Artificial intelligence could one day scan the music videos we watch to come up with predictive music discovery options based on the emotions of the performer. Which means that A.I. will soon be able to recognize Bono’s sad face and serve you more mopey Bono, or perhaps something more smiley.

The technology to do so isn’t quite there yet, but Diane Rasmussen Pennington, a lecturer at the University of Strathclyde in Glasgow, Scotland conducted research on 150 videos made by U2 fans and recorded non-text based emotional cues to demonstrate which facial features and objects might be most useful to future software programs.

“Full disclosure, U2 has been my favorite band for a long time,” Pennington tells Inverse, adding that there were a number of other reasons to use the band’s videos as testing ground. “Objectively, from reading I’ve done and not just my perception as a fan, generally the people who like U2’s music find it to be a very emotional experience when they listen to it, maybe more so than other bands. … There’s something almost highly spiritual for fans of the band.”

The Edge of U2 performs live on the pyramid stage during the Glastonbury Festival at Worthy Farm, Pilton on June 24, 2011 in Glastonbury, England. 

Pennington chose to focus on just one U2 tune, “Song For Someone” off the band’s controversial 2014 record Songs of Innocence, which is sitting in a ton of people’s iTunes whether it’s wanted or not. The videos included fan slideshows supported by the band’s music, tutorials on how to perform the song, and of course, covers. She categorized the facial expressions of the performers as well as fan memorabilia including t-shirts, concert posters, and Bono-inspired sunglasses.

Pennington says the A.I. software is getting better at identifying different textures and circular objects in photos and videos, but hopes her research can be a small stepping stone to identifying the emotional meaning behind those objects.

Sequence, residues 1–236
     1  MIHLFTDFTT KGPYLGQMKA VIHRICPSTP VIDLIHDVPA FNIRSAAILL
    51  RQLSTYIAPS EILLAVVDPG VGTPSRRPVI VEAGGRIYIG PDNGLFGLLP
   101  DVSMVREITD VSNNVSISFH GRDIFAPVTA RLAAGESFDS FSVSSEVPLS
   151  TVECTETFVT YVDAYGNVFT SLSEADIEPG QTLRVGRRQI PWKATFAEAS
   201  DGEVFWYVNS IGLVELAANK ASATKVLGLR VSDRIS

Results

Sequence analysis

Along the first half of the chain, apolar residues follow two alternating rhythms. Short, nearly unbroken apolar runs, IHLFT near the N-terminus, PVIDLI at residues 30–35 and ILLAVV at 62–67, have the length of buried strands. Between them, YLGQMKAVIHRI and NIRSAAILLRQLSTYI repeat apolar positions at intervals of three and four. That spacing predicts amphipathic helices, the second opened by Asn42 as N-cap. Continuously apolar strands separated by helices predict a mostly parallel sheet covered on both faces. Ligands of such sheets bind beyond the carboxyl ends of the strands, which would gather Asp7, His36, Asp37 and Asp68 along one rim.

Facebook has signaled that it wants to create A.I. that’s “more perceptive than people” in order to better serve content and ads based on visual cues from videos and photos shared on the platform. Twitter is already testing its similar Cortex technology, which aims to smartly identify objects in live Periscope feeds in order to better recommend live video streaming events.

The same concepts could certainly apply to the continuous music streaming wars. Among the major music streaming platforms, it’s a race to develop the best predictive discovery software. Apple Music uses human curators to make playlists to compensate for the lack of consistency found in algorithmic programs used by its competitors Spotify and Google.

Ultimately, technologists like Alphabet executive chairman and Google founder Eric Schmidt, predict consumers of the future will rely on computer software to serve them music discovery options.

Google Executive Chairman Eric Schmidt speaks at the American Enterprise Institute March 18, 2015 in Washington, DC. Schmidt took part in a discussion on 'The Disrupters: Technology and the Case for Optimism.'

Spotify and Apple Music tend to make bold claims about their number of monthly subscribers, but for now the king is YouTube, with more than a billion monthly users, that dominates the music streaming landscape.

YouTube Red and the YouTube Music app do a good job of serving up new and different options for music discovery, but it’s dragged down by its inability to actually identify what’s playing on the screen. Sure, Google knows which videos you gave a thumbs up to, watched 50 times on repeat, shared on social media, and commented on, but it doesn’t have the visual cues to tell it why.

Audiences could also generate search results based on the emotional feeling behind songs and their performers. For example, a search today for “Bad Day” may bring up the single by Daniel Powter, but in the future users might be served that music video alongside more tailored artists that simply evoke the emotion of having a bad day and not specifically that song. It’s also worth noting that YouTube’s search results are currently based largely on views, whereas likes, shares, and comments more directly affect the suggested artists on the desktop site or the playlist selection in the YouTube Music app.

Pennington’s research could be a step toward not only identifying what’s on our screens but also why bands such as U2 evoke such an emotional response.

Photos via Ian Gavan/Getty Images, Win McNamee/Getty Images, Justin Sullivan/Getty Images